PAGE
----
Learning how to build an effective workout plan is essential to your success, especially if you want to see results sooner rather than later. It’s important to develop goals that challenge you physically & mentally, but also ones that don’t leave you feeling fatigued for the rest of the day or worse, leave you feeling defeated.
When brainstorming your goals, it’s important to understand what is physically possible and how they can be realistically reached. Fortunately for you, creating large goals for yourself can become far easier if you learn how to break them down into segments.
Determine Your Goals Using Segments
Determining your approach to workouts may be difficult and is often times over-bearing. This is normal and, as time goes on, you will get better at understanding what works for your body and what doesn’t. The best way to get started with building a workout schedule is by breaking things down from the big picture. The big picture is your ultimate goal, or simply put, your dream body.
It can be vague or it can be specific, but you need to at least have an idea of what your dream body is and what it means to you.
Next, you need to understand that your goals are linear, because they require time. Time is the single most important and static constant in the equation to obtaining your goals. Time does not care if you reach your goals or not, it simply exists.
To visualize time, we use linear progression. The line itself represents time. The very left of the line is the current time… this very moment. The arrow pointing right is the future.
You’ll also notice three points. Points: A, B and C. These points represent different places in time that reflect your goals. It could be 1 point or it can be many, but for the purposes of this representation, there are 3 goals.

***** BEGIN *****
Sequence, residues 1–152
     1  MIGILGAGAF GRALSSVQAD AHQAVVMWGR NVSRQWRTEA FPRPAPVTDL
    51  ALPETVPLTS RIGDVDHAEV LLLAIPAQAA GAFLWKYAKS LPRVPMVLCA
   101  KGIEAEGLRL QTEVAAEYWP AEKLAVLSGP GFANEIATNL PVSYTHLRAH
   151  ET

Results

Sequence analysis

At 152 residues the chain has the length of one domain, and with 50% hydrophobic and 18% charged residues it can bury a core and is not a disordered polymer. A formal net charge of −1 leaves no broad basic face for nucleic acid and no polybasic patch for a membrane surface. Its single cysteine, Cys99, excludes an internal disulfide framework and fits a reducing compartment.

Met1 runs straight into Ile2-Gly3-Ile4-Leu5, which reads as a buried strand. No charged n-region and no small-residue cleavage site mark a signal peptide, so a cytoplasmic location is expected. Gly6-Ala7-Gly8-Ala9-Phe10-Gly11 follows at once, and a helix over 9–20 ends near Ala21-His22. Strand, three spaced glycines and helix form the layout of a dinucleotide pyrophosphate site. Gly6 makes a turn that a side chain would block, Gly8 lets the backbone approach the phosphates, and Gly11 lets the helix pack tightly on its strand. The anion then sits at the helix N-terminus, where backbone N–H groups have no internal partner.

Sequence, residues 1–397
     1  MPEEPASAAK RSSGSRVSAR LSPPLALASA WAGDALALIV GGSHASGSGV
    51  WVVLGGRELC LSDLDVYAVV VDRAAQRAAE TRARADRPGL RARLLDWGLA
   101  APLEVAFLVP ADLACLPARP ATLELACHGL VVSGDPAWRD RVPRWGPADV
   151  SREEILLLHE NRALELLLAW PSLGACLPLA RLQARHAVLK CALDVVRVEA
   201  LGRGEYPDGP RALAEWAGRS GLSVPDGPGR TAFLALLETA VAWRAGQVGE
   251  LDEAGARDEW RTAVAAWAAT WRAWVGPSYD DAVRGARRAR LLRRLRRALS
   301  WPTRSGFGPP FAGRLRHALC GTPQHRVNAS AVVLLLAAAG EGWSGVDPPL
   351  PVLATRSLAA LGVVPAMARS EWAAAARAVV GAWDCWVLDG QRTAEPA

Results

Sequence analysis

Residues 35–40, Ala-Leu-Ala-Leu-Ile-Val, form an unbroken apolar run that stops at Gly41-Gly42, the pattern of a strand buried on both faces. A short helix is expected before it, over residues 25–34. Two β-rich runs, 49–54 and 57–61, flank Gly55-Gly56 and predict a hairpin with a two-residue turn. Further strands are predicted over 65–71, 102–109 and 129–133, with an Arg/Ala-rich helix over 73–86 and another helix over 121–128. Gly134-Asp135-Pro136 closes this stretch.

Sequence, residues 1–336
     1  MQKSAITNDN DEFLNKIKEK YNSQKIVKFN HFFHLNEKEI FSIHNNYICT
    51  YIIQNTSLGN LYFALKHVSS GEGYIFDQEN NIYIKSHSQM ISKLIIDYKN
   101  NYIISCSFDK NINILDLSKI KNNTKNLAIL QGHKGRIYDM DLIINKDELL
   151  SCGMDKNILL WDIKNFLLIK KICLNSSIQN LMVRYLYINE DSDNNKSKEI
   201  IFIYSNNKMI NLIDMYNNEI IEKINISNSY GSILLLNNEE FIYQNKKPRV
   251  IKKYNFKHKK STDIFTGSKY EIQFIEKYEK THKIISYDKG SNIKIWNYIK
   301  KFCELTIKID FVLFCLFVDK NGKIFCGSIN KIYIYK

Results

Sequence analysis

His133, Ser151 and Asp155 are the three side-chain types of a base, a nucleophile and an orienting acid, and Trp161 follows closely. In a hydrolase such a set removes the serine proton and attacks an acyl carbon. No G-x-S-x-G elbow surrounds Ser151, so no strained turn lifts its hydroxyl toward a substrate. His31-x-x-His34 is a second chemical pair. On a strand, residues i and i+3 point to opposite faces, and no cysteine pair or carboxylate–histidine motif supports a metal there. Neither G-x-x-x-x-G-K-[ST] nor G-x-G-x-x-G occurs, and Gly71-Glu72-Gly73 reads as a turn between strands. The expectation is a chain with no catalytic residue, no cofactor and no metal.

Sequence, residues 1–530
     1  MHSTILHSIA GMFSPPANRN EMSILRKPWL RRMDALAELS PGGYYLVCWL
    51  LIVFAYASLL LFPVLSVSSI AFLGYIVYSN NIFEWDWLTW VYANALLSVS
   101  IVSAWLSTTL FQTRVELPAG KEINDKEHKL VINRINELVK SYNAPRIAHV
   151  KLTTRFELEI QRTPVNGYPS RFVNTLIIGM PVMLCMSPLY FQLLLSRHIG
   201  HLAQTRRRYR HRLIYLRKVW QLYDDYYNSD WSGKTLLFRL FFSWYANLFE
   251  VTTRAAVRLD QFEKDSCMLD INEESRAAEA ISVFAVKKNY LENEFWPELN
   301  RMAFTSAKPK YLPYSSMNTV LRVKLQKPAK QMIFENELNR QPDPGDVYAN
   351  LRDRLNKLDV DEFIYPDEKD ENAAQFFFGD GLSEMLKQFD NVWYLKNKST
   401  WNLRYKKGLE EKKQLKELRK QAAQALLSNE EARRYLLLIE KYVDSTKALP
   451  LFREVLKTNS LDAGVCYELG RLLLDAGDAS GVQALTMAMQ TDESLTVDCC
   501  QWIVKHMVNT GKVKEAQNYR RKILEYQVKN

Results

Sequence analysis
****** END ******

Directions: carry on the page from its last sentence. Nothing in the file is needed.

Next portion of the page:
Each point is a representation of a singular goal you have in mind. For instance, a goal could be losing 30 lbs of mass from your physique. Now, realistically, that is a big goal to face by itself. Instead, you can break that goal down into 3 separate goals, or segments, to make the entire task feel easier. So, instead of having one goal of losing 30 lbs … you have 3 goals of losing 10 pounds.
- Goal A – Lose 10 pounds
- Goal B – Lose 10 pounds
- Goal C – Lose 10 pounds
This is a very helpful way of making large tasks more readily doable. However, if you happen to have multiple goals, then you can easily adapt your segmentation by creating lettered and numbered goals.
Let’s say you want to lose 30 pounds AS WELL as gain muscle mass. You could rewrite your segments, using the letter A for your primary goal of losing 30 pounds and then add in B, for gaining muscle mass. However, in order to represent the segments to make things easier, you can now add numbers to your letters.
By looking at the revised segmentation break-down, you can see that you now have 6 bite sized goals instead of 2 large goals. Ultimately, you will achieve the same results, but it makes the journey far more comprehensible and easy to follow.
By doing this, you create several smaller goals that are easier to obtain and more rewarding in the long term. Segments do not have to be completed in a linear fashion. You can try to complete multiple segments at the same time but try not to over-do it. Baby steps are still steps.
Segmenting is just a way for you to break down your larger goals, especially if they are sometimes intimidating, into easier portions. Take your larger goals or your ultimate goal and break it into bite sized pieces called ‘segments.’ By doing this, you create an easier, more rewarding system that will entice you to keep going on your health journey. We hope you enjoyed this journal entry on segments 🙂 Consider subscribing to our newsletter for updates on new posts and more!